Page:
One hundred years ago, Victor Herbert was on top of the musical world. The Dublin-born composer watched as his latest operetta, Sweethearts, opened first in Baltimore, before moving to Boston and Philadelphia. By September of 1913, the operetta hit New York’s Broadway and would run for over 100 performances.
That same year, Herbert also helped create The Friendly Sons of St. Patrick Glee Club. He wrote or arranged many of the Glee Club’s trademark songs, including “The New Ireland,” “The Boys of Wexford” and “The Cruiskeen Lawn.”
Friendly Sons chapters from New York to Cincinnati still have active choral groups with up to 50 members who practice weekly and perform all over the country.
“The Glee Club sings choral compositions of all kinds – traditional Irish music, contemporary Irish music, religious music, Broadway show tunes, music from the 1940’s through today’s popular songs,” current New York Friendly Sons Glee Club conductor Kevin Faughey wrote in a recent letter to members.
In addition, the song “Hail to the Friendly Sons,” with lyrics by Dublin native Joseph Ignatius Constantine Clarke (who also helped create the club), is performed at Friendly Sons meetings and Glee Club rehearsals. With an arrangement by Victor Herbert, Clarke’s lyrics remind listeners of the importance of Ireland’s long struggle for freedom:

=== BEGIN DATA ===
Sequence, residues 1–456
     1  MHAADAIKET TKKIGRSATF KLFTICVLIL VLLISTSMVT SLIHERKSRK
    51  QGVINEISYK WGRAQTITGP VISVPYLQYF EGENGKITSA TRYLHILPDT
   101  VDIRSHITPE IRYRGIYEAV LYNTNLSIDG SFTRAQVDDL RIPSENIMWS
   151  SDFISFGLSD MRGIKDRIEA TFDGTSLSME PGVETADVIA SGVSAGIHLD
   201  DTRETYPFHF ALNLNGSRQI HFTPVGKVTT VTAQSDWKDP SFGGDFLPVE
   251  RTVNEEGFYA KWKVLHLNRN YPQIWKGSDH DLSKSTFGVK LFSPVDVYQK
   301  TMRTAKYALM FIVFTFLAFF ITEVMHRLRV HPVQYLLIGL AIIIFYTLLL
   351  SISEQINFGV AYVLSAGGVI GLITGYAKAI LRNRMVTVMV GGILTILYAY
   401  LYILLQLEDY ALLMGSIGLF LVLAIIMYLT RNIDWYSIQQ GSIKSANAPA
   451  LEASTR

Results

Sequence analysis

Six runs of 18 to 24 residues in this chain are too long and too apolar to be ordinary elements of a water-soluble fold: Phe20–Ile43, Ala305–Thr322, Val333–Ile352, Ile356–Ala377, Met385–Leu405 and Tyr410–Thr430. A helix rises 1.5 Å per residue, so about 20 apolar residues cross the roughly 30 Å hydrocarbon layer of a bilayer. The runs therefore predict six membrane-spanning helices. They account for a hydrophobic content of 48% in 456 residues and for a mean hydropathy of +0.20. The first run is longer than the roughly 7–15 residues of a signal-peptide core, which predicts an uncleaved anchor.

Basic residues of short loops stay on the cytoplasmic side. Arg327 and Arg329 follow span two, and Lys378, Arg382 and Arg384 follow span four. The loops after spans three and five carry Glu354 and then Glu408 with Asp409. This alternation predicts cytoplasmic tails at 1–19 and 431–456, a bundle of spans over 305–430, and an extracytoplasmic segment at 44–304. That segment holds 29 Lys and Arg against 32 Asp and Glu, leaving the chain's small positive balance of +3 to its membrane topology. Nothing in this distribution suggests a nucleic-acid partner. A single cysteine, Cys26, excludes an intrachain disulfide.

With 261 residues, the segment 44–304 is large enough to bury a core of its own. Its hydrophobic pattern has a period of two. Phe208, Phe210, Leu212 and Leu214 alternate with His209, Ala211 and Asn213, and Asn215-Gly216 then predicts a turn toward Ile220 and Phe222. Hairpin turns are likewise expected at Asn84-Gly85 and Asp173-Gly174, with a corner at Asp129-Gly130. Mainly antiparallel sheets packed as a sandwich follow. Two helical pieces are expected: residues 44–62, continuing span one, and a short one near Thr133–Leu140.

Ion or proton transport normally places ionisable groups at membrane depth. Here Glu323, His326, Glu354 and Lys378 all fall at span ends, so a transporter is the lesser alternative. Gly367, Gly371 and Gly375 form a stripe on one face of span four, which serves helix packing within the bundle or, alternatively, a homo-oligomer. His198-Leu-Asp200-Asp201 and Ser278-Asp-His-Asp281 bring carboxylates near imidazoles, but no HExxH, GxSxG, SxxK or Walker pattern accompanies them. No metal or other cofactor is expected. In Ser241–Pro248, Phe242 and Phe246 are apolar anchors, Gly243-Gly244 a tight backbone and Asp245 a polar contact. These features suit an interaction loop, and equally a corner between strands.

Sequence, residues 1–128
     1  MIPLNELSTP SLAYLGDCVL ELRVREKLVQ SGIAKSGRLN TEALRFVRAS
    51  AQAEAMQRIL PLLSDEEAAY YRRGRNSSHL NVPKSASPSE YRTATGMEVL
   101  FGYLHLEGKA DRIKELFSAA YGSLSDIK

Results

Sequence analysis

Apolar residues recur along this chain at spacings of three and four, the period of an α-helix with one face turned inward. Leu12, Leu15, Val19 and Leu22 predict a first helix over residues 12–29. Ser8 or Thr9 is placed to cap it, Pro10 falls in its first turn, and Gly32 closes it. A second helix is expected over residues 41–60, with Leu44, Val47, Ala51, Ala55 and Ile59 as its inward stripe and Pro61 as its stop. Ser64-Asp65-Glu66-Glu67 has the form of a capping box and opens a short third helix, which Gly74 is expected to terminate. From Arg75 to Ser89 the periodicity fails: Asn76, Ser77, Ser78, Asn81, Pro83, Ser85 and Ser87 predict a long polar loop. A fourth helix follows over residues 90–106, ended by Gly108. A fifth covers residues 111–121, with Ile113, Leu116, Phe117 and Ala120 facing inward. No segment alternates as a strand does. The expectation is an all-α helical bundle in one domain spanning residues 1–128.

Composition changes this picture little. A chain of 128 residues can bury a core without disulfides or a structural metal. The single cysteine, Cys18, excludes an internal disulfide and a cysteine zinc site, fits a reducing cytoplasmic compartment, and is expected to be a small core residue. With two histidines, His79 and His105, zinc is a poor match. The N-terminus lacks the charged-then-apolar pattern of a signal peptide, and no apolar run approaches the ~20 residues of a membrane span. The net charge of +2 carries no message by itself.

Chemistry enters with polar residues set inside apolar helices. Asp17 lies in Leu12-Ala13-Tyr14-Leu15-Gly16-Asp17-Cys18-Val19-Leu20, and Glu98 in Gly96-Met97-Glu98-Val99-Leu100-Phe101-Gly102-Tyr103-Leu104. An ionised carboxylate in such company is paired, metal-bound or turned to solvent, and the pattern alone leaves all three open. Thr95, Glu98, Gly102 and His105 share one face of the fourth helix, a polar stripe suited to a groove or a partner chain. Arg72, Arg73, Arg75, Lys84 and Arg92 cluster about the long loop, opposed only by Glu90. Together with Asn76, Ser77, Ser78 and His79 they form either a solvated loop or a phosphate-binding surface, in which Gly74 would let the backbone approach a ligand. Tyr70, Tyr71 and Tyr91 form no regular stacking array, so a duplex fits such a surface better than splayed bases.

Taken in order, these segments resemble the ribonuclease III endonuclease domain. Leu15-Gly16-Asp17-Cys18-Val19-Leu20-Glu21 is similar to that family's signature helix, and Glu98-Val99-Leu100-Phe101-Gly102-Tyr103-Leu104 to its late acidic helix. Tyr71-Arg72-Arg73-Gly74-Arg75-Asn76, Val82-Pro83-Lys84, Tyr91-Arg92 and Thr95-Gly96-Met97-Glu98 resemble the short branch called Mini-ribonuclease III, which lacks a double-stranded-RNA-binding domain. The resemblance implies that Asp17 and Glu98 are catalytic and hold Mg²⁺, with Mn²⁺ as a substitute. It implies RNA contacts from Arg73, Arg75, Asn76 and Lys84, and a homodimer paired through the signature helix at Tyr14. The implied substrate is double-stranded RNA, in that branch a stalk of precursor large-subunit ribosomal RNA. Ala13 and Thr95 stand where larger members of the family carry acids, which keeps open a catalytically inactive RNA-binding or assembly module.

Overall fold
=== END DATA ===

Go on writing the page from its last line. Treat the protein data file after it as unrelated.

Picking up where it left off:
“Shall we who meet and part to-night / Remember not our sires?
Shall we forget their age-long fight / Their quenchless battle-fires?
They handed us the freedom-flame / That spreads from sea to sea.
They bade it burn in Ireland’s name / Till land and race are free.”
Friendly Sons Glee Clubs have boasted world class talent over the years. The New York group was led, for five decades, by Dr. George Meade, whom the New York Times called “one of the most celebrated choral conductors in New York City” in its 1996 obituary.
The Glee Club appeared several times on St. Patrick’s Day episodes of the famous Ed Sullivan Show (Sullivan himself an Irish American). They have also performed triumphant shows at Radio City Music Hall and St. Patrick’s Cathedral.
To this day, Friendly Sons Glee Clubs give performances at churches and other public events all year round.
Over his long career, Victor Herbert produced countless songs, operettas and more. But when he served as a guiding force behind the Friendly Sons of St. Patrick Glee Club, he surely couldn’t have known that he helped create something that would still be going a strong a century later.
Watch a short film, produced by Dam Simrell, celebrating the 100th anniversary of the Lackawanna County Friendly Sons of St. Patrick: